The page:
Elizabeth Warren had her road-to-Damascus moment back in 1995, the year she joined the faculty of Harvard Law. She was forty-six.
She was asked to take part in a congressional commission on reforming bankruptcy laws. She went in with the best of intentions, ready to draw up a list of policies to help struggling families. But as she attended each hearing, she was shocked to find lobbyists swooping in like vultures to pick it all apart. “The whole process made me gag,” she later wrote. Shortly after, in 1996, she changed her party registration from Republican to Democrat.
She fought a noble fight for ten years. In 1998, she met with first lady Hillary Clinton and told her over a hamburger and french fries that the bill taking shape tilted the playing field heavily in favor of the banks and against ordinary Americans. “I pounded Mrs. Clinton with graphs, charts, and projections.” The first lady was convinced. Despite having signaled earlier support, the Clinton White House vetoed the bill in its final days.
Warren’s crusade was working.
But in 2001, a now-senator Hillary Clinton joined thirty-five of her Democratic colleagues — including Joe Biden — and voted for the bill just three years after her lunch with Warren. “The bill was essentially the same,” Warren said, “but Hillary Rodham Clinton was not.”
It is a story of a kind of dark awakening: the deck was now thoroughly stacked against working people, or, as Warren prefers, “the middle class.” The markets weren’t working as they should. The politicians weren’t either. Someone had to do something. Someone had to plug the leak at the top.
The dedication that opens Warren’s 2004 book The Two-Income Trap, co-written with her daughter, Amelia, is clear about her mission, the people she wants to save, and how she wants to save them: “They went to college, had kids, bought a home, played by the rules — and lost. It is time to rewrite the rules so that these families are winners again.”
This is the key to Warren’s political vision and what — despite some shared policy preferences and a personal friendship — makes her a very different candidate from Bernie Sanders. With a very different constituency. And, ultimately, why it’s harder to imagine her delivering the type of change the United States desperately needs.
Rewrite the Rules
When President Trump recently stood before Congress and announced that America “will never be a socialist country,” Warren slowly rose to her feet and applauded. Her more progressive fans seemed surprised. But they shouldn’t be.
On the campaign trail, “I believe in markets” has become a kind of mantra for Warren. “I am a capitalist to my bones,” as she put it more explicitly last year. Her 2004 book even boasted that “We haven’t suggested a complete overhaul of the tax structure, and we haven’t demanded that businesses cease and desist from ever closing another plant or firing another worker. Nor have we suggested that the United States should build a quasi-socialist safety net to rival the European model.” (At the time, a whopping 45.8 million Americans were without health insurance, a number roughly equivalent to the entire population of Spain.)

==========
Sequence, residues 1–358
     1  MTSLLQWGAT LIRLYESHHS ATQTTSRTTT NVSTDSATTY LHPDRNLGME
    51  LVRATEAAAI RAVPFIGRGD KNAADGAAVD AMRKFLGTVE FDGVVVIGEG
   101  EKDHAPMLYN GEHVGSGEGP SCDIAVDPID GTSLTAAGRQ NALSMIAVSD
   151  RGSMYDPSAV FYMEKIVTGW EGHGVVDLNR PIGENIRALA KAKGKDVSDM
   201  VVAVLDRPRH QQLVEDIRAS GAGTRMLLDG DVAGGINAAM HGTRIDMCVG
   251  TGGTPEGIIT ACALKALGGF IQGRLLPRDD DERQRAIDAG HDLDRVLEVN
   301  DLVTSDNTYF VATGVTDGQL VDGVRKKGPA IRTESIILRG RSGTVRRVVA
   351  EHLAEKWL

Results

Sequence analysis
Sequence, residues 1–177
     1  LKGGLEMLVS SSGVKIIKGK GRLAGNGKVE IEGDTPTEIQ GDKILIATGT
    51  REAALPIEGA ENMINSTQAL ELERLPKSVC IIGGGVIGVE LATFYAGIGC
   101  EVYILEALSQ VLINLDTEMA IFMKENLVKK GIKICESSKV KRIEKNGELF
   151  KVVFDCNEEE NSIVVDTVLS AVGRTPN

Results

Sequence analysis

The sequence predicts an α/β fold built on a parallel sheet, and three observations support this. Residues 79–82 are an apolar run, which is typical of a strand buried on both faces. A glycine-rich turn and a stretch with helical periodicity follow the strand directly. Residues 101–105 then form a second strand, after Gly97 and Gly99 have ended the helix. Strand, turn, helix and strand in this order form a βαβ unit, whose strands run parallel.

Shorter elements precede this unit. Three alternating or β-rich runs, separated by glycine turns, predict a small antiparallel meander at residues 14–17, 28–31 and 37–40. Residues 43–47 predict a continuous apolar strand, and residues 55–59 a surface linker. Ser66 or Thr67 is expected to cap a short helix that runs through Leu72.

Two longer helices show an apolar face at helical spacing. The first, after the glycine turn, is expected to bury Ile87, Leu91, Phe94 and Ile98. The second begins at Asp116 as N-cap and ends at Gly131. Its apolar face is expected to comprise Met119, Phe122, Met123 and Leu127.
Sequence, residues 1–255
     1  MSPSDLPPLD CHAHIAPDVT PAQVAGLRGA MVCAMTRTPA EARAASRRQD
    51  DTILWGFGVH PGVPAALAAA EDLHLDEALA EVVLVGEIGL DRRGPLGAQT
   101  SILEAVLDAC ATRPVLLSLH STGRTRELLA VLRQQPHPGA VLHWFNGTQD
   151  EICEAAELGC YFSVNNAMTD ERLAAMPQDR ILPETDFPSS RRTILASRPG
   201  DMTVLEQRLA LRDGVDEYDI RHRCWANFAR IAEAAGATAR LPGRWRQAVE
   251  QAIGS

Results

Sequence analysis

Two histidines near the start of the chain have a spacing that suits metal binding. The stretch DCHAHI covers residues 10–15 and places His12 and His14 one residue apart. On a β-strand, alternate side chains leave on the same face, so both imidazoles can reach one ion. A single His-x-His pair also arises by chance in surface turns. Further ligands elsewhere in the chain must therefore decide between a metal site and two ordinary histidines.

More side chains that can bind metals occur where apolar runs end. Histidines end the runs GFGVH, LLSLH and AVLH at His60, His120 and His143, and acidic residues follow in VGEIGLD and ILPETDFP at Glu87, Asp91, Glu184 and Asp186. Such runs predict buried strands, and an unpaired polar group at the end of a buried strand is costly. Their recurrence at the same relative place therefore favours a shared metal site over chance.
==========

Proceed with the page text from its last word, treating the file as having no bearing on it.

And it’s not clear her thinking has changed all that much since. In the recent climate town hall, Warren was asked if she supported the nationalization of public utilities. “Gosh, you know, I’m not sure that’s what gets you the solution . . . the way we get there is we just say, ‘Sorry guys, but by 2035, you’re done. You’re not going to be using any more carbon-based fuels.’ That gets us to the right place.” It’s a sentiment not that far in spirit from Clinton’s claim that she told Wall Street: “Cut it out! Quit foreclosing on homes! Quit engaging in these kinds of speculative behaviors.”
It’s been a consistent approach for Warren, but one with questionable results. After the economic catastrophe of 2007–8, a little over a decade after she took up public policy, Warren took a stand for far more stringent regulations on the financial sector, much to the annoyance of the Obama administration. She spearheaded the creation of the Consumer Financial Protection Bureau (CFPB), an impressive regulatory achievement.
But while a Republican Congress couldn’t roll back Obama’s Medicaid expansion, a clear program with real material stakes and a constituency to defend it, Warren’s watchdog was another matter. And so, less than seven years after the CFPB’s creation, a Republican president completely gutted it.
In other words, Warren rewrote the rules. And then someone else came along and rewrote them again with hardly any notice from the people she intended to help.
This is the regulatory-driven strategy that has been contrasted positively to the Bernie Sanders mad-as-hell, bottom-up “political revolution.” As her supporters love to say, she has “a plan” for every possible “that.” But it’s also the strategy that seems more likely to put us back in the same position four or eight years from now with little to show for it. And, after the next election that doesn’t go our way, with an even bigger ghoul in the White House ready to wipe it all away like a splattered bug on a windshield.
An Army of Our Own